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Help with Kolmogorov Complexity proof

  1. Apr 29, 2015 #1
    Hey, has anyone here done Kolmogorov complexity? I hadn't, and I was just reading the Wikipedia page to start learning it. The core concept makes sense: The Kolmogorov complexity for a a string s, K(s) is equivalent to the length of a program that generates that string (It can be any math object, not just strings.) So a string that's long but with a simple pattern behind it will have a short program and small K, where a random string will have larger K.

    Then I got to this proof, which claims to show the incomputability of K. Its a proof by contradiction, here given in pseudo Python, and available on the Wikipedia page in pseudo Pascal.
    Code (Python):

    function GenerateComplexString():
         for i in range(infinity):
             for each string s of length exactly i:
                if KolmogorovComplexity(s) >= 8000000000
                    return s
    This code enumerates through the set of all strings as s, until it finds the first one with K(s) > than some high number (in this case 8000000000) and outputs it. Since this program is shorter than 8000000000, its a contradiction, and they used it to say that K(s), (here written as KolmogorovComplexity(s)) must not be computable.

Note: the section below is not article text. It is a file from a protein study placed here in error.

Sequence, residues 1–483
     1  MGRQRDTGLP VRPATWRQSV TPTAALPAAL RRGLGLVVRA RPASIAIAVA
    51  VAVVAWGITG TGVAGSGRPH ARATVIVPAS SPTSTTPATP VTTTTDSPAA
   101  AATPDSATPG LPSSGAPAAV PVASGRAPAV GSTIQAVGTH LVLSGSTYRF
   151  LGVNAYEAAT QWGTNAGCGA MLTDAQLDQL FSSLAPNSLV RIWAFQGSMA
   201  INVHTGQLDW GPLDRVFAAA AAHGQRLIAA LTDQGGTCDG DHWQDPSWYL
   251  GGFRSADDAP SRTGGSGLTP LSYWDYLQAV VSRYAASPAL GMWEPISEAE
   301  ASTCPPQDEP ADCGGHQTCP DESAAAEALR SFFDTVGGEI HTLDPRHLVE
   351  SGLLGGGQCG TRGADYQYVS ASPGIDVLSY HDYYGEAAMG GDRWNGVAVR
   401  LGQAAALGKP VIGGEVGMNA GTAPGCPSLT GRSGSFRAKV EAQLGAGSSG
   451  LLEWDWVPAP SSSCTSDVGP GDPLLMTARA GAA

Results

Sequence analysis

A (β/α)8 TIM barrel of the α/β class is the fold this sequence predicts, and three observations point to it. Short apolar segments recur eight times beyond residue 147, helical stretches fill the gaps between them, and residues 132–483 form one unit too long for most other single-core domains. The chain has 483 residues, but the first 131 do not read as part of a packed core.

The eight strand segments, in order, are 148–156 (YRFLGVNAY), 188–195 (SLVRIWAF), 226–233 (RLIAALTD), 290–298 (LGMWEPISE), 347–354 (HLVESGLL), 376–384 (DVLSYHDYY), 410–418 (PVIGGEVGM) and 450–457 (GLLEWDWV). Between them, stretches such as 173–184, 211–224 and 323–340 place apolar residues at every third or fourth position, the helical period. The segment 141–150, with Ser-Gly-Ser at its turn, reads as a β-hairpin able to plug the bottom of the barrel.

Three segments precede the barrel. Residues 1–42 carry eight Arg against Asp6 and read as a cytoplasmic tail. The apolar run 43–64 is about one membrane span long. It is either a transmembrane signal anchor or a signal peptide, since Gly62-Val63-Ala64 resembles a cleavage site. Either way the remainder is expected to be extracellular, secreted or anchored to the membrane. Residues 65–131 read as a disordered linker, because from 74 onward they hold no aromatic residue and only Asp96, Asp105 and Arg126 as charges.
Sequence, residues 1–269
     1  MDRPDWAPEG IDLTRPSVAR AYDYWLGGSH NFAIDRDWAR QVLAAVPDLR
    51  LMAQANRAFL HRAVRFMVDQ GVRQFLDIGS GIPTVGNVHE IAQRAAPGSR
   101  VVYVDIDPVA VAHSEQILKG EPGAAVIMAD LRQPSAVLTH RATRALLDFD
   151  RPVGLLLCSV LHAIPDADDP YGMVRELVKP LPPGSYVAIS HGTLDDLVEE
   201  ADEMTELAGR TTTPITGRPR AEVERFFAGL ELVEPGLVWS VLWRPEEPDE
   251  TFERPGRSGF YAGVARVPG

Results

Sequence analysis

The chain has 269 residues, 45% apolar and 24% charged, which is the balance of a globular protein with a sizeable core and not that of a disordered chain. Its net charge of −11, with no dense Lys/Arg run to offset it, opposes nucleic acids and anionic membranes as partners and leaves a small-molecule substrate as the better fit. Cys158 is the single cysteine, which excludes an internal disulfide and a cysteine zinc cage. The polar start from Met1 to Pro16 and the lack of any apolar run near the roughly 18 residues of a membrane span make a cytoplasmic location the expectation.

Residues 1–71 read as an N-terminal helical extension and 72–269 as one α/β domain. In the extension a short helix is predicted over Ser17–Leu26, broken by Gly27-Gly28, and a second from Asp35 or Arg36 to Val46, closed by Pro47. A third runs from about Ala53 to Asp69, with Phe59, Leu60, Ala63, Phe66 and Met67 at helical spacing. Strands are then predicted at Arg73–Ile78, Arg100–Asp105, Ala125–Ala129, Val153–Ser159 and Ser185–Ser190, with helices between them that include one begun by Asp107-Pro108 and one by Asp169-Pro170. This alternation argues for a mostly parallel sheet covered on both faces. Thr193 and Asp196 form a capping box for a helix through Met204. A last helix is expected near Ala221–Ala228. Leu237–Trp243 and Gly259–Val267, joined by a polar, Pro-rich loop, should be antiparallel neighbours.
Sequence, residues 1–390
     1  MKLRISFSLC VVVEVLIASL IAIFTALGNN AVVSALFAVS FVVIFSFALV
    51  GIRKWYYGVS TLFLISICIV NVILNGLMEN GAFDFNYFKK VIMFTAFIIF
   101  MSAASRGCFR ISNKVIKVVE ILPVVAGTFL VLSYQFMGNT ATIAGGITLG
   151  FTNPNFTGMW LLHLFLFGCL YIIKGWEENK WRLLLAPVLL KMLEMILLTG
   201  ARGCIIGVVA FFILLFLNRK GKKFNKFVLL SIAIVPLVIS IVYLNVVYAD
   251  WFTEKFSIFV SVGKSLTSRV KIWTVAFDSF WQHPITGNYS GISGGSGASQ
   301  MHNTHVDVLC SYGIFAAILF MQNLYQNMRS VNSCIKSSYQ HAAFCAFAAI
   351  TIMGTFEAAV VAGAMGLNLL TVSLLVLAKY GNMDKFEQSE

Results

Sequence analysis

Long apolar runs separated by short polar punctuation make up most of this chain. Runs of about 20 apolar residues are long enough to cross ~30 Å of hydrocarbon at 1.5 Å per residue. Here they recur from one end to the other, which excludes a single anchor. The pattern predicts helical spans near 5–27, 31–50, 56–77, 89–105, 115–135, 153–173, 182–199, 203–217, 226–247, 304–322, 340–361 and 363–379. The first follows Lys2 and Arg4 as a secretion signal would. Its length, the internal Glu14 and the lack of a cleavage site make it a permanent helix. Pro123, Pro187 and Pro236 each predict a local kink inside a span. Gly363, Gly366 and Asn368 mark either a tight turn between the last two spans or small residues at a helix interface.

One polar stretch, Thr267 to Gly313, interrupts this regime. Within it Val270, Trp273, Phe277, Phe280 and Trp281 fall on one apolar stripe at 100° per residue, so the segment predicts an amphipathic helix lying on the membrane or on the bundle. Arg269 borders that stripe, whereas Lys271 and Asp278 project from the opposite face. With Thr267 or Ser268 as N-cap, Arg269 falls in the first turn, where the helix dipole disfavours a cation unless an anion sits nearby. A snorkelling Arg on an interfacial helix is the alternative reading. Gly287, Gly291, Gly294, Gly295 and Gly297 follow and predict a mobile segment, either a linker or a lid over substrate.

The problem is, using a similar dirty trick, I can construct a KolmogorovComplexity function that clearly is computable. The idea behind it is to generate and run all possible programs and return the first one that produces the string. It looks like this:
    Code (Python):

    function Execute(code, s):
        string output = run(code)
        if output = s:
          addToPotentialAnswers(len(code), code)

    function KolmogorovComplexity(s):
         for i in range(infinity):
             LaunchOnNewVirtualProcessor(Execute, (ConvertToBinary(i), s))
    The LaunchOnNewVirtualProcessor runs Execute on a "virtual processor", and exploits the fact that any Turing machine can simulate any other number of Turing machines, so if the given code doesn't halt, it slows it down but the whole process keeps going. (Its not assumed all every number representing a program generates a number or halts) So long as the strings are finite, as they are in their function, and the programs that output strings halt (which is totally reasonable), than this works, and everything becomes incredibly confusing.

    So what am I getting wrong, there's got to be something, because their proof seems totally sound, the more I go over it in my mind.

    edit: Changed my code, can't assume that the process which ends first has the shortest code.
    Last edited: Apr 29, 2015
  2. jcsd
  3. Apr 29, 2015 #2
    Okay, I think I might see it now. My program generates a list of potential answers, but you can never quite say when the its done, when the potential answer is the best answer. So though my program will generate at some point the answer, you can never quite say when that is. That must be it.

    Edit: Yeah, that's totally it. I see it now. Mods can delete if they want. My error was in thinking there was some sufficiently huge amount of time within which a program with the right answer would halt, but not true. The best program might be some small thing that simulates the entire universe to find the best answer. A really interesting illustration of how deep the Halting problem is.
    Last edited: Apr 29, 2015
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